If You're so Smart, Why Aren't You Rich? Wage Inequality with Heterogenous Workers?
AbstractThis Paper provides microfoundations for wage compression by modelling wage-setting in a world of heterogeneous workers and firms. Workers are differentiated by observable innate ability. A high-ability worker confers on a firm an externality, since their ability raises the average level of talent within that firm and increases the range of tasks that can be performed. This gives some firms monopsony power in the market for labour trained to do more advanced tasks. Firms will assign their better workers to the more advanced tasks performed within their ranks, and wages are compressed within firms, so that low-ability workers are paid more, relative to their talent, than high-ability workers. The model also offers an explanation for why wage inequality has recently increased in some countries: exogenous changes that increase labour market competition can disproportionately benefit higher ability workers and widen the wages distribution.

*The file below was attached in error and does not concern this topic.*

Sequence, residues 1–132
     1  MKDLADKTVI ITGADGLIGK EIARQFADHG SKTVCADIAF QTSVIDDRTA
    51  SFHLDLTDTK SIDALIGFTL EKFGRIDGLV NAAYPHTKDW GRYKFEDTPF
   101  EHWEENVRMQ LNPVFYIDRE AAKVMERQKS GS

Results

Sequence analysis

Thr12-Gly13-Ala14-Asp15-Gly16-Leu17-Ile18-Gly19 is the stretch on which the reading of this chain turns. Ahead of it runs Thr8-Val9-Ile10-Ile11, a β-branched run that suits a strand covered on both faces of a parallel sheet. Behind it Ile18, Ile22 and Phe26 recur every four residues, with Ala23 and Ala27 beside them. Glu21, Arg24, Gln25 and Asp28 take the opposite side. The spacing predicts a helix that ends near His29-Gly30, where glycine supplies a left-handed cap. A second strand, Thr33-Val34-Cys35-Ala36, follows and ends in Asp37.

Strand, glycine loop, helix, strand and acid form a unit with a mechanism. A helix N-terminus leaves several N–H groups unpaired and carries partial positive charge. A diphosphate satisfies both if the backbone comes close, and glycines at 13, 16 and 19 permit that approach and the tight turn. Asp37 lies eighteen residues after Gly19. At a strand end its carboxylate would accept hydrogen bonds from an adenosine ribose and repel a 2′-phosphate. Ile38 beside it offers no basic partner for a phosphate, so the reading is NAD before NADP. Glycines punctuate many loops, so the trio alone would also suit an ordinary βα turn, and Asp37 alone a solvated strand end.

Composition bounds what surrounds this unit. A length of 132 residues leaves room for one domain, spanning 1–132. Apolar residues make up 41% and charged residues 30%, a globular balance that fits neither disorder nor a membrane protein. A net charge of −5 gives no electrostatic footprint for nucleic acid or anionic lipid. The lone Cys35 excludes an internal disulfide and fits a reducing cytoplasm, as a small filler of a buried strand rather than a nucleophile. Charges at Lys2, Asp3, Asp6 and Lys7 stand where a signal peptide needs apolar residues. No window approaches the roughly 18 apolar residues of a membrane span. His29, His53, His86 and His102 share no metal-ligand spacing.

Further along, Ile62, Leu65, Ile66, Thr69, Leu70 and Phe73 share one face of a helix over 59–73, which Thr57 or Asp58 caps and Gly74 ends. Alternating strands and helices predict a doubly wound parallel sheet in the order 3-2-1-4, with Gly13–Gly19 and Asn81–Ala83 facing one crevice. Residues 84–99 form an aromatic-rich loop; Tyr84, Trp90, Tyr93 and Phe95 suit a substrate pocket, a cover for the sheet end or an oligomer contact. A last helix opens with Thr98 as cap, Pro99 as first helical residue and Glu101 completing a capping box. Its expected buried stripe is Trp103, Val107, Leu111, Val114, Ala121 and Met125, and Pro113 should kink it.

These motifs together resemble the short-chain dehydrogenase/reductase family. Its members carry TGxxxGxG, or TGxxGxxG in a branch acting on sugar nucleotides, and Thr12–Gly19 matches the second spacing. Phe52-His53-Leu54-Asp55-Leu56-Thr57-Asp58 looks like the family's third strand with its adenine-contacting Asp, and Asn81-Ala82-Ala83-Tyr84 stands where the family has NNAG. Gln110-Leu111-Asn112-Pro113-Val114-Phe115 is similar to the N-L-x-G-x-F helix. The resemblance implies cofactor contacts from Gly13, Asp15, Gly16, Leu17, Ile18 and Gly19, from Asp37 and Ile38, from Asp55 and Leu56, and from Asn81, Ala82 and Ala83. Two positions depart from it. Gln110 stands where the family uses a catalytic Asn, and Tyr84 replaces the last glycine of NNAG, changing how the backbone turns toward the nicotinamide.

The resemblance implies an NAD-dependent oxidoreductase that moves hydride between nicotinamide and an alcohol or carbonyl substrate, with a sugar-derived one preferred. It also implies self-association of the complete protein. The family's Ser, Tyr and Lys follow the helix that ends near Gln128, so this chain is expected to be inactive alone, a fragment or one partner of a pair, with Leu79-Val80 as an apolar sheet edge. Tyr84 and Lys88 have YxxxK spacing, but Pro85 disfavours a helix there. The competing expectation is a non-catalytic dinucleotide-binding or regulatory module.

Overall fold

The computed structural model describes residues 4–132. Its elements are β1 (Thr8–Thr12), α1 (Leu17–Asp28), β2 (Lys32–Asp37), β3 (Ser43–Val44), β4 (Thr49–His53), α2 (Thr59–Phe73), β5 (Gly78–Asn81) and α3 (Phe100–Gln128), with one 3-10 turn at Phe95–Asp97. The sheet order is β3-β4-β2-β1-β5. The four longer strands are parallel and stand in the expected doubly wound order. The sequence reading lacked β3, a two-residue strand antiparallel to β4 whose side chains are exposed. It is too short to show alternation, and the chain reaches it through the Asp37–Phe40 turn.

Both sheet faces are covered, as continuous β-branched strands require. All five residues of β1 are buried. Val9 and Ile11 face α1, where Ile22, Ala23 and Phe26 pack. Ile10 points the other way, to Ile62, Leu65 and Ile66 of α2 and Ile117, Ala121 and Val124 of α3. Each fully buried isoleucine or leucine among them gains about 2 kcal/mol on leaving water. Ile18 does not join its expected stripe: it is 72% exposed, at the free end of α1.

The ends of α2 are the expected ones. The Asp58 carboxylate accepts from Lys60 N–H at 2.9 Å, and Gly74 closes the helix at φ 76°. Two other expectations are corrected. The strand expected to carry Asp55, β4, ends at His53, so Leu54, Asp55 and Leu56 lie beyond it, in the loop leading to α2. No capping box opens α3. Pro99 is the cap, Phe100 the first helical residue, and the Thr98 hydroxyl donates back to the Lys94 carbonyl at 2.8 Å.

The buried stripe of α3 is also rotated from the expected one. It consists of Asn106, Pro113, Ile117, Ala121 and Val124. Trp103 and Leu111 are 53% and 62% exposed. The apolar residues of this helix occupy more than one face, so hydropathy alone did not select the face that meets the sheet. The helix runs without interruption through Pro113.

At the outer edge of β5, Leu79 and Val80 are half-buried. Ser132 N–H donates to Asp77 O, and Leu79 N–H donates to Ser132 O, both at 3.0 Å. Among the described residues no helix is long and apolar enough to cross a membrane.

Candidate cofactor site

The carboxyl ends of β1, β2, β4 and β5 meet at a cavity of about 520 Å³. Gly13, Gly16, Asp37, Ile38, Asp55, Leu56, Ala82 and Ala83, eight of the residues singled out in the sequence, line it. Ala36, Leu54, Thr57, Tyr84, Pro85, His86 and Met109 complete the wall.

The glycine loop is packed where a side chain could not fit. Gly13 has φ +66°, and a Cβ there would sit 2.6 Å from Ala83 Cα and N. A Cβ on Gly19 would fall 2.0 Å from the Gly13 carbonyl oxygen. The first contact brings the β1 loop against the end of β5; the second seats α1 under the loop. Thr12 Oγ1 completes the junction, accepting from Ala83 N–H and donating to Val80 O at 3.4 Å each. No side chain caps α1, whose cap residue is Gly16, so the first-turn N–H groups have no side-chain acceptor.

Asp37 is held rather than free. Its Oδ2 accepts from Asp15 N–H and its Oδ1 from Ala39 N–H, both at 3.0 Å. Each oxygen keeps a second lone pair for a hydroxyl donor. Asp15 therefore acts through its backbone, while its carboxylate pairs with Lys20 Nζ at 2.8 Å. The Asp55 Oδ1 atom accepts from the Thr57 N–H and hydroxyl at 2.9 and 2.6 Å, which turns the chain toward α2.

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Bibliographic InfoPaper provided by C.E.P.R. Discussion Papers in its series CEPR Discussion Papers with number 3190.
Date of creation: Feb 2002
Date of revision:
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Find related papers by JEL classification:
- J24 - Labor and Demographic Economics - - Demand and Supply of Labor - - - Human Capital; Skills; Occupational Choice; Labor Productivity
- J31 - Labor and Demographic Economics - - Wages, Compensation, and Labor Costs - - - Wage Level and Structure; Wage Differentials
- J42 - Labor and Demographic Economics - - Particular Labor Markets - - - Monopsony; Segmented Labor Markets
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